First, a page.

WASHINGTON (AP) — A determined Florida centenarian who had to make two trips and wait several hours to vote for President Barack Obama last fall was invited to sit with first lady Michelle Obama during Tuesday’s State of the Union. Her resolve became a symbol of early voting obstacles in the presidential election.
Desiline Victor, 102, of Miami, endured a weather-delayed flight to Washington on Monday in order to get to town for Obama’s address. She will be among the guests seated with Mrs. Obama, an opportunity she called “a beautiful thing.”
Also expected to sit with Mrs. Obama are:
—Cleopatra Cowley-Pendleton and Nathaniel A. Pendleton Sr. of Chicago, the parents of 15-year-old Hadiya Pendleton, who was shot to death just days after performing in Washington during Obama’s inauguration.
—Haile Thomas, 12, of Tucson, Ariz., who helped start the HAPPY Organization, a group that produces online healthy cooking videos aimed at children.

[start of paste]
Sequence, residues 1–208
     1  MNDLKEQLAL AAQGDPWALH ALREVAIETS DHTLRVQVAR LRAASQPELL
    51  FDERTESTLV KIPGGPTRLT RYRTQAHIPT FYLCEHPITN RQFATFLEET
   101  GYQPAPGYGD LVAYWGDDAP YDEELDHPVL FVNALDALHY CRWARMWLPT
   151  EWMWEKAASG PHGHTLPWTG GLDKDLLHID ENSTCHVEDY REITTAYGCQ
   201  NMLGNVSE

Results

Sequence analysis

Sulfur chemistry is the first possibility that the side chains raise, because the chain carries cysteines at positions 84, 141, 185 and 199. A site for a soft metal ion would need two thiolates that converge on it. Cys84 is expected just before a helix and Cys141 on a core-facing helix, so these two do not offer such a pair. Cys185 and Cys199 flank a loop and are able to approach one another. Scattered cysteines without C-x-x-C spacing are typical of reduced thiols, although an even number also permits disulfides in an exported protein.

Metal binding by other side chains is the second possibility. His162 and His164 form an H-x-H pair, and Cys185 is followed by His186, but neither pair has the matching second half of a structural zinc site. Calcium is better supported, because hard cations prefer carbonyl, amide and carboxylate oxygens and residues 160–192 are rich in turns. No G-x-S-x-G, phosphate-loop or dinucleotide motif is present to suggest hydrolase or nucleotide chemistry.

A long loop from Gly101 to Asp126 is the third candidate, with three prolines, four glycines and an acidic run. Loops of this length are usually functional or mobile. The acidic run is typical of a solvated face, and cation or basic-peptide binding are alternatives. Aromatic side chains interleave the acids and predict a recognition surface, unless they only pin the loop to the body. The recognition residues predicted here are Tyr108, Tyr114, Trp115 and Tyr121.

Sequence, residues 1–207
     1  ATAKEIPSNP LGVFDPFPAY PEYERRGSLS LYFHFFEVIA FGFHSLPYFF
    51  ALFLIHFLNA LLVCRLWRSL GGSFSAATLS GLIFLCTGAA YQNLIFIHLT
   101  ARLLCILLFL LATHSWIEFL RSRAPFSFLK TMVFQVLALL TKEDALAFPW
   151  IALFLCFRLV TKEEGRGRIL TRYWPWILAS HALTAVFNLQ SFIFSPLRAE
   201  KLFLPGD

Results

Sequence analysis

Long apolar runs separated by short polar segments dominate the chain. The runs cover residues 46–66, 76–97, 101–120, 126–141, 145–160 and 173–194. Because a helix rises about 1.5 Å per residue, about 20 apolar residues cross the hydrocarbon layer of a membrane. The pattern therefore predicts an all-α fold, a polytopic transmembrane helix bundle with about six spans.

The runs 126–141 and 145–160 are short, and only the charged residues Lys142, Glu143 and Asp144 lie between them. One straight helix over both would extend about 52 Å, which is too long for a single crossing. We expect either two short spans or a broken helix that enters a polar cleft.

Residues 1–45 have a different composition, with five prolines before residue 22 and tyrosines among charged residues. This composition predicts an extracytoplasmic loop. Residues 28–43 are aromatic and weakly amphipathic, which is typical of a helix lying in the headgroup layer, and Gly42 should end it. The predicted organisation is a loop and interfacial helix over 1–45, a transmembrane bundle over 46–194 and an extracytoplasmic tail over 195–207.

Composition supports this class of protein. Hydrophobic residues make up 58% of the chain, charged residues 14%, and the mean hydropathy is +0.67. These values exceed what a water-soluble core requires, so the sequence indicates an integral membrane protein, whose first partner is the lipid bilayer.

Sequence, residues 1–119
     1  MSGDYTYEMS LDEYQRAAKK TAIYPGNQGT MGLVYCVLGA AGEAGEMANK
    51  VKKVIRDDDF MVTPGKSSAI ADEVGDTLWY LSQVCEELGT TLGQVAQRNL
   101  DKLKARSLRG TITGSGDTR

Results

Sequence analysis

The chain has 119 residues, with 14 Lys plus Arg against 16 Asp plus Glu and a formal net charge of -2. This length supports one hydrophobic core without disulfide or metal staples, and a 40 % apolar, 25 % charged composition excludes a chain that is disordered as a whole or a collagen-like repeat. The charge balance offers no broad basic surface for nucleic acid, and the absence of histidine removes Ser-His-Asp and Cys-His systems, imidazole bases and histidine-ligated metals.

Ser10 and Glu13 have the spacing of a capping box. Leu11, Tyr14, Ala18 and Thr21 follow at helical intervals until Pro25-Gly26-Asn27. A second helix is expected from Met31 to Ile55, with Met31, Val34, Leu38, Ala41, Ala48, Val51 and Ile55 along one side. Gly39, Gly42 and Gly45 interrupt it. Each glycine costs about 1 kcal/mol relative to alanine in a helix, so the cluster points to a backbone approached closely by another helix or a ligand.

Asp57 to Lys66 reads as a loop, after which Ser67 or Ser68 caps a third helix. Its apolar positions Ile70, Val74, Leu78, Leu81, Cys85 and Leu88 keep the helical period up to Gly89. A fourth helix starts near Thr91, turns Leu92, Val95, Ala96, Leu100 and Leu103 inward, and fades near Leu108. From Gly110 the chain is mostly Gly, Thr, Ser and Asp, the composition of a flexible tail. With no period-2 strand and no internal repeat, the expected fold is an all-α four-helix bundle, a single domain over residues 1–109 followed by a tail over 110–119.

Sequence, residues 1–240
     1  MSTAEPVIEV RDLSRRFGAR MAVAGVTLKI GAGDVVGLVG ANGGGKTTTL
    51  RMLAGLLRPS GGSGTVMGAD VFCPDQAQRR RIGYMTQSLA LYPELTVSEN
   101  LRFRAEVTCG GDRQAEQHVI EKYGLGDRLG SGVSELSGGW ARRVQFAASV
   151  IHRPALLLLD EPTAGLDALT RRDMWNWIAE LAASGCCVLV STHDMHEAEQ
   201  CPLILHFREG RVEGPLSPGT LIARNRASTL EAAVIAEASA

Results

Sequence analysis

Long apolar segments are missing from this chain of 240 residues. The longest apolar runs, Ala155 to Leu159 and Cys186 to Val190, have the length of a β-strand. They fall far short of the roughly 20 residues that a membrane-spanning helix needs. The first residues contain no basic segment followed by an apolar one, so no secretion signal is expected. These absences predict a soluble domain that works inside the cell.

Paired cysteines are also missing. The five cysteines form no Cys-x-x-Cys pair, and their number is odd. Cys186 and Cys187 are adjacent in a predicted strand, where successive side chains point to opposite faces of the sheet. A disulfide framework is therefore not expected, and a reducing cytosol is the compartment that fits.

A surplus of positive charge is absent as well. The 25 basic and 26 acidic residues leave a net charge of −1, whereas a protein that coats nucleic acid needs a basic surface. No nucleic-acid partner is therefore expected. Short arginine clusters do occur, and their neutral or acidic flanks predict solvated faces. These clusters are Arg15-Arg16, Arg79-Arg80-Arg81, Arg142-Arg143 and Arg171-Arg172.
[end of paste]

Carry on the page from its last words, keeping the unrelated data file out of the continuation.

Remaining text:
—Alan Aleman, a Mexican immigrant who is one of the first people in Nevada allowed to remain in the country under an Obama administration initiative for immigrant children whose parents lack legal permission to be in the U.S. Aleman is pursuing a biology degree and hopes to be a doctor.
—Mayor Marie Lopez Rogers, the first Latina mayor of Avondale, Ariz. She was elected in 2006 after serving 14 years on the city council. Growing up, she picked cotton with her parents on farmland that is now the site of City Hall.
—Sgt. Carlos Evans, a U.S. Marine from Fayetteville, N.C., who lost both legs and his left hand during service that included three deployments to Iraq and one to Afghanistan. The president signed Evans’ prosthetic arm when Evans previously visited the White House.
In October, Victor went to the polls on the first Sunday of early voting in Florida. That day, she had to make two visits to her voting precinct, and waited three hours on the first attempt, in order to cast her vote for Obama.